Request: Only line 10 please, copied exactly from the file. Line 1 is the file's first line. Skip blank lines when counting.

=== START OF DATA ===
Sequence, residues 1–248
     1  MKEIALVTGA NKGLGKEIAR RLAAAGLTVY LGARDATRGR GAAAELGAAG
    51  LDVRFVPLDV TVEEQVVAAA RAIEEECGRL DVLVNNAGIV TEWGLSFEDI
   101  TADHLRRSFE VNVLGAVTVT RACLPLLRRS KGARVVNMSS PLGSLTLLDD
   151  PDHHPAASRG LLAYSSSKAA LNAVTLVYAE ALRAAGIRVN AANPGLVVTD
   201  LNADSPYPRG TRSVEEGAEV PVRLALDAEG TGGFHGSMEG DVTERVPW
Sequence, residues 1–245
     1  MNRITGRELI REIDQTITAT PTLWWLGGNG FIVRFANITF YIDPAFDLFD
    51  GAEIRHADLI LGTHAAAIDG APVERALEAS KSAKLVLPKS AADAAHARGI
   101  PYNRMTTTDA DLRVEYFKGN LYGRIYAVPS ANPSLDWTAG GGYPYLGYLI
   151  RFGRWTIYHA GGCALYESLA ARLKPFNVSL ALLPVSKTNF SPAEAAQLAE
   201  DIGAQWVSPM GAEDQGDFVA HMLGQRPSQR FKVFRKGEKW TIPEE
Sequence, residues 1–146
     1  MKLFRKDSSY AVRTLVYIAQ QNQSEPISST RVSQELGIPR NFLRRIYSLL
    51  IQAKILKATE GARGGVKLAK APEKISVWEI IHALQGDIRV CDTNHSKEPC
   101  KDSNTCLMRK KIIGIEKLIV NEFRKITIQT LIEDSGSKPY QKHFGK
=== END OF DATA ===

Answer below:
   101  PYNRMTTTDA DLRVEYFKGN LYGRIYAVPS ANPSLDWTAG GGYPYLGYLI